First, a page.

Wednesday July 13, 2005
NKF boss paid yearly salary of RM1.3m
SINGAPORE: The chief executive of Singapore's biggest charity group withdrew a defamation suit yesterday after being forced to reveal his annual salary of about S$600,000 (RM1.3mil) local media reported.
T.T. Durai, the chief executive officer of the National Kidney Foundation (NKF), also conceded he flew first class when travelling overseas, although he insisted he was entitled to the benefits of “every other CEO.”
Durai appeared in court on Monday as part of a defamation suit by NKF against Singapore Press Holdings, the publisher of the city-state's main English language newspaper, the Straits Times.
But yesterday, after his salary and perks generated major media coverage in the city-state, Durai and the foundation withdrew their lawsuit, local broadcaster MediaCorp reported.
NKF had sued Singapore Press Holdings over a Straits Times article last year that stated a gold-plated tap had been installed and later replaced in the private bathroom of Durai's office suite.
NKF said the article had damaged the charity's reputation by implying that donors' funds were being misused.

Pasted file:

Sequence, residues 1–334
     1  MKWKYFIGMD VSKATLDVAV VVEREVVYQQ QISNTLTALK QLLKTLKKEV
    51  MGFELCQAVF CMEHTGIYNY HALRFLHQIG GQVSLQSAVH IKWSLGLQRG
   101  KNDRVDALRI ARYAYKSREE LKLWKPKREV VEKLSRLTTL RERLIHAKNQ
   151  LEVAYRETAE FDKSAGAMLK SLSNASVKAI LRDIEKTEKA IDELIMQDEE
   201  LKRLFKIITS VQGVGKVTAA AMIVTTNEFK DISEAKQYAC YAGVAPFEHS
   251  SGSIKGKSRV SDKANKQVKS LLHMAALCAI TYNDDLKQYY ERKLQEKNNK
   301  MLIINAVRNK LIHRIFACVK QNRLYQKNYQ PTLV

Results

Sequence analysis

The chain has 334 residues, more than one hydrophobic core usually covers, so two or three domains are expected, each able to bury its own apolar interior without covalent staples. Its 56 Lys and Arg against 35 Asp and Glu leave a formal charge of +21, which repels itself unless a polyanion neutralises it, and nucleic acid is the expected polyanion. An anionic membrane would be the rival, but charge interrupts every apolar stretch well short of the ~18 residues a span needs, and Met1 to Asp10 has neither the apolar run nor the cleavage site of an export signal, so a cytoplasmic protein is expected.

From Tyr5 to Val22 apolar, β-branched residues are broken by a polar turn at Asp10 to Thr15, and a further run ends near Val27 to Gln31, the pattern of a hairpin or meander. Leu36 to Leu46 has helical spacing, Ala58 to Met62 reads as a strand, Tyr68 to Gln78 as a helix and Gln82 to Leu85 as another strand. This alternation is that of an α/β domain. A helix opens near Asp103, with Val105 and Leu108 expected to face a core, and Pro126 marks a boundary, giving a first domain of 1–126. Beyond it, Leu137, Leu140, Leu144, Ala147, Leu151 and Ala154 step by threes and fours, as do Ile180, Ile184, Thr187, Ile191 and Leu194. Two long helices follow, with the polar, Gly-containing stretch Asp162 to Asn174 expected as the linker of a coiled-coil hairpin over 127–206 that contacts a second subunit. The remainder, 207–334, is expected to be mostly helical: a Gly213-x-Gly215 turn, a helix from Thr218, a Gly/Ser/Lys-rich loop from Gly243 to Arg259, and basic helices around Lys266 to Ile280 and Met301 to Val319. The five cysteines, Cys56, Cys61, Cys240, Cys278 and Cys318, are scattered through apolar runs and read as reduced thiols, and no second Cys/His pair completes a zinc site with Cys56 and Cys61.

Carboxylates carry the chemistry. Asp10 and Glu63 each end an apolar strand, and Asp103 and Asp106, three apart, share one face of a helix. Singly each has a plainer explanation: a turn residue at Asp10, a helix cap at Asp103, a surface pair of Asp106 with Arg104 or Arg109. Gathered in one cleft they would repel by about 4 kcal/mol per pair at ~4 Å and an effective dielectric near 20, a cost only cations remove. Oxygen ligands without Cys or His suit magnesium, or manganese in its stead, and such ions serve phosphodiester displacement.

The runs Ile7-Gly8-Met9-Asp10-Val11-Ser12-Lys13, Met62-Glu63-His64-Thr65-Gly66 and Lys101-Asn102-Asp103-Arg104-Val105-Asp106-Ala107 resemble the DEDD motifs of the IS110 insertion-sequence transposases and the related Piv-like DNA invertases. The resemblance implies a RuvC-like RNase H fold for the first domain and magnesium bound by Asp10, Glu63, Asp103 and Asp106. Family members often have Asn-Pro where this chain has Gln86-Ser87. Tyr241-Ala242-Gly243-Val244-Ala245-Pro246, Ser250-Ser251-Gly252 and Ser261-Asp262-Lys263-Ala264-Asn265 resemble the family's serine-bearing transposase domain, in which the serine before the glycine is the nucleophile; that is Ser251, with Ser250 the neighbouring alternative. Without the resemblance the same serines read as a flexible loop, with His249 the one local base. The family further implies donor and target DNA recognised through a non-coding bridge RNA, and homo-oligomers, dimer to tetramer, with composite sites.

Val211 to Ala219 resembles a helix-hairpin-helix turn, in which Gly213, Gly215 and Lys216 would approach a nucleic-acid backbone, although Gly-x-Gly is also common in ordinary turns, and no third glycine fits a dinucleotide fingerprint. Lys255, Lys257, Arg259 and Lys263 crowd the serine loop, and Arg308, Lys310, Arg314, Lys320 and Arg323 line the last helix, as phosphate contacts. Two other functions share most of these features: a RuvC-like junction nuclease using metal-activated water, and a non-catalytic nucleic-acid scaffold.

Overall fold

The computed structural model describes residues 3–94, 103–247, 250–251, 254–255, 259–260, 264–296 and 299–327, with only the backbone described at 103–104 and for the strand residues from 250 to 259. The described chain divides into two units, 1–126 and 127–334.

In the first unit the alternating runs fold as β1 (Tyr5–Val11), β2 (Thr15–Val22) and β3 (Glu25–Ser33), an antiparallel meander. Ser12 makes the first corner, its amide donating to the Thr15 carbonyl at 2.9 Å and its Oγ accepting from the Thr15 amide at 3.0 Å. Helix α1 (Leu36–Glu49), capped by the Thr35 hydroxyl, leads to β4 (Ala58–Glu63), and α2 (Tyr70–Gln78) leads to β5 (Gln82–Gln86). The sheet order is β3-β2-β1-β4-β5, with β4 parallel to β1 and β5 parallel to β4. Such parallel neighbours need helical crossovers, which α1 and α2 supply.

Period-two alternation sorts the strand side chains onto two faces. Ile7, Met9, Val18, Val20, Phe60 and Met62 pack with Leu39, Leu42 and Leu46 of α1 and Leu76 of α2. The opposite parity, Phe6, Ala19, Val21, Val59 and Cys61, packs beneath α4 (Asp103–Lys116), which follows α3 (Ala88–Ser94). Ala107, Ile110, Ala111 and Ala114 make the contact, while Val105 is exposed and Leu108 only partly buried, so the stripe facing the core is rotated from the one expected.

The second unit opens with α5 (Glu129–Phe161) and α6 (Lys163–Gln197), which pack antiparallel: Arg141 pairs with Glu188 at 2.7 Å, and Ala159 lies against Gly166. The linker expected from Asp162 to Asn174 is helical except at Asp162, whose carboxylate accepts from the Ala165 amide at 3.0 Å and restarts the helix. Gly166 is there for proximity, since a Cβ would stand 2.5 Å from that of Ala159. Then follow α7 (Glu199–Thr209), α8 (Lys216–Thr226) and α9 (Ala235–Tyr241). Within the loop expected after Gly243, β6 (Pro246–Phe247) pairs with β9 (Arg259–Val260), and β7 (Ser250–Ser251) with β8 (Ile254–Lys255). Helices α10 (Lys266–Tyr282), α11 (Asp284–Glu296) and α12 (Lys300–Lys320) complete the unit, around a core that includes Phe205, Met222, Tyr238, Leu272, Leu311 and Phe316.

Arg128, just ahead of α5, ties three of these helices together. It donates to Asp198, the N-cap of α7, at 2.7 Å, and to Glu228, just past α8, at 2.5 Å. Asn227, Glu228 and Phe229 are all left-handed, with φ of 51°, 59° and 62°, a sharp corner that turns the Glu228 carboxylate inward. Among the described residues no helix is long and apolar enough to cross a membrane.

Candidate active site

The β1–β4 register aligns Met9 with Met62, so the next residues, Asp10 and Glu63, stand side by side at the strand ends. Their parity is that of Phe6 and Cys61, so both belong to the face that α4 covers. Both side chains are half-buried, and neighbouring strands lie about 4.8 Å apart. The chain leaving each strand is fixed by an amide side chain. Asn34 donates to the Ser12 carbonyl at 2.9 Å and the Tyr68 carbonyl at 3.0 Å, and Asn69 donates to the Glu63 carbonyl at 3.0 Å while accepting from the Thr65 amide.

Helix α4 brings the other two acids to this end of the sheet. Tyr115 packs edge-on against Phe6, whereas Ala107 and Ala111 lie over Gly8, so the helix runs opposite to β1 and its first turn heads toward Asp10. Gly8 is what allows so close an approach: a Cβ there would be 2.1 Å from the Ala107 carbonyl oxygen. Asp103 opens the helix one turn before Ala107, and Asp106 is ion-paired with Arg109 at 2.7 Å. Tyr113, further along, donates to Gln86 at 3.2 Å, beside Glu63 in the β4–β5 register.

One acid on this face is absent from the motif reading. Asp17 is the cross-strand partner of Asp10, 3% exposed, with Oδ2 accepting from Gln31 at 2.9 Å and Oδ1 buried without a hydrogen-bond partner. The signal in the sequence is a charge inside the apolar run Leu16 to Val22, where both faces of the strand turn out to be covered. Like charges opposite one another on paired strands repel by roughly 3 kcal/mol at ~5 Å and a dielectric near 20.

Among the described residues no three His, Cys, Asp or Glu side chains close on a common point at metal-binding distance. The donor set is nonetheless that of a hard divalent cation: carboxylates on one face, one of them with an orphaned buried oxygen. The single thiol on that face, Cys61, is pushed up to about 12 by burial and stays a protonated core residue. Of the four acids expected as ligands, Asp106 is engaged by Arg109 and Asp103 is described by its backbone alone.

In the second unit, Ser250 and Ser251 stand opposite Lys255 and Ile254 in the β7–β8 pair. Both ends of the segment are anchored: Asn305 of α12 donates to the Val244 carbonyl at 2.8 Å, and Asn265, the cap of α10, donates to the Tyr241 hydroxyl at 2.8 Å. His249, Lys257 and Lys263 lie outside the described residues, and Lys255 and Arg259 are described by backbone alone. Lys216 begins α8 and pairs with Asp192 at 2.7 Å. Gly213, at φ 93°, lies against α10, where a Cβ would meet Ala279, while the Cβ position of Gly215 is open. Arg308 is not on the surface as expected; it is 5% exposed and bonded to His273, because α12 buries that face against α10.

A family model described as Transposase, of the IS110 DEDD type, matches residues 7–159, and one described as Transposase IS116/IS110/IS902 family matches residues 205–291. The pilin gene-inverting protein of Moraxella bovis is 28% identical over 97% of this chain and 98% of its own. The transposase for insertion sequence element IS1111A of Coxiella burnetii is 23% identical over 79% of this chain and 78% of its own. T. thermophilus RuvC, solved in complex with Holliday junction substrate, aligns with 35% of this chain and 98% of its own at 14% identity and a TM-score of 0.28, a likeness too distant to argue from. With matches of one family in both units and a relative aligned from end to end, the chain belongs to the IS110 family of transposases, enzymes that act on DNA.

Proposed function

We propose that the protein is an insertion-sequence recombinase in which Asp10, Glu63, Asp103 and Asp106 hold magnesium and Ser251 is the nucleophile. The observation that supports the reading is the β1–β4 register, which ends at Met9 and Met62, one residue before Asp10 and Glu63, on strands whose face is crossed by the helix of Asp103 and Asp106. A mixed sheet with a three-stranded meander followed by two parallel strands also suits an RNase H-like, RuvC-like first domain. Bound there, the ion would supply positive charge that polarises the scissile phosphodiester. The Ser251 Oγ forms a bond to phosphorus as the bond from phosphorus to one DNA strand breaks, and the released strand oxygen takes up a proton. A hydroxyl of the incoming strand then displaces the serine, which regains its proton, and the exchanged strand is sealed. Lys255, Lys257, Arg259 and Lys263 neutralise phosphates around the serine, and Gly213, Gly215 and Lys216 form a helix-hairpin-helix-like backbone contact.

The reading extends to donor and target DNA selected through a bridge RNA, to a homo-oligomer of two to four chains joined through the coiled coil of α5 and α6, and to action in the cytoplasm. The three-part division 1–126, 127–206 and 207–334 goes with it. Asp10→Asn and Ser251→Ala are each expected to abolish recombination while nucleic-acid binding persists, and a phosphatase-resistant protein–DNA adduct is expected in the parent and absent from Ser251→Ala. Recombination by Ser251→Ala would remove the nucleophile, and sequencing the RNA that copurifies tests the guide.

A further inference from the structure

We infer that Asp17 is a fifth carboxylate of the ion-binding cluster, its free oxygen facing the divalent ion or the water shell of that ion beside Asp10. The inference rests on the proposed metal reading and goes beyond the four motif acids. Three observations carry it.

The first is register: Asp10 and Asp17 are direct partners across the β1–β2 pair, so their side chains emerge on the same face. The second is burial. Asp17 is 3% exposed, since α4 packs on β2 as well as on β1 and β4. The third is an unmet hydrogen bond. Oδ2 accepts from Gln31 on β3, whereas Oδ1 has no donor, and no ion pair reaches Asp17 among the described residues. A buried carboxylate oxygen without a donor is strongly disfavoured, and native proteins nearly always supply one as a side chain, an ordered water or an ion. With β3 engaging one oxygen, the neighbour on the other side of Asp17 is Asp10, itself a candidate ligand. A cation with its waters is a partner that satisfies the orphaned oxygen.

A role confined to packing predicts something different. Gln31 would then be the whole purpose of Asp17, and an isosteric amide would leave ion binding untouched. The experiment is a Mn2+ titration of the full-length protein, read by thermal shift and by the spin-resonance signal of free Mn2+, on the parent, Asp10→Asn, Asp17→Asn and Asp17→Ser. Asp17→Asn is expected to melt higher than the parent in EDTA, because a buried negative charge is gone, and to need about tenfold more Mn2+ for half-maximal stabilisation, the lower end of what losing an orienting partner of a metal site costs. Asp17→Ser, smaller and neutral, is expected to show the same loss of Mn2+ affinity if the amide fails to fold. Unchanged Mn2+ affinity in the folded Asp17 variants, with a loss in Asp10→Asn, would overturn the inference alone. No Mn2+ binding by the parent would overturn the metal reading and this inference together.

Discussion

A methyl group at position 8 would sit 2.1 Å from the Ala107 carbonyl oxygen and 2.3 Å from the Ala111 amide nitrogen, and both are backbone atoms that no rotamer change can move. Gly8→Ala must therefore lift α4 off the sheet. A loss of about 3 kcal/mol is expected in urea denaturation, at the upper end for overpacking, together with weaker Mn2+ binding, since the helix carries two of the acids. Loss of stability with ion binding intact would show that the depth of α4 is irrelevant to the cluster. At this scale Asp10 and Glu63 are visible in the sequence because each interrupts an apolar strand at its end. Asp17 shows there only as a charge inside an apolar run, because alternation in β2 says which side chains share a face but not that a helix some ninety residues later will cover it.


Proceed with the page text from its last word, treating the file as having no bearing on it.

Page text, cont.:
The Straits Times published a detailed account of Monday's proceedings, focused on Durai's benefits and salaries, which he did not initially want to make public.
“I like my salary to remain private,” Durai said, before disclosing he earned S$25,000 (RM56,000) a month, plus annual bonuses equivalent to 10-12 months of wages.
Singapore Press Holdings' counsel Davinder Singh launched into a scathing criticism of Durai's salary.
“The man who earns S$1,000 a month who donates S$50 every month thinking that is going to save lives ... should he not know that this is the kind of money you earn,” Davinder Singh asked.
Durai inisisted: “I don't see the need for him to know.”
NKF, which had reserves of S$189mil (RM425mil) in 2002, is one of Singapore's richest and highest-profile charities.
It regularly holds television donation drives in which celebrities perform sometimes dangerous stunts.
One such event on Sunday, the “NKF Cancer Show 2,” raised S$5.35mil (RM12mil).
NKF describes itself on its website as “the largest charitable organisation in Singapore” and the “largest not-for-profit dialysis provider in the world.”
“Established in 1969, we are counted as a model of social entrepreneurship in Singapore,” the site says. – AFP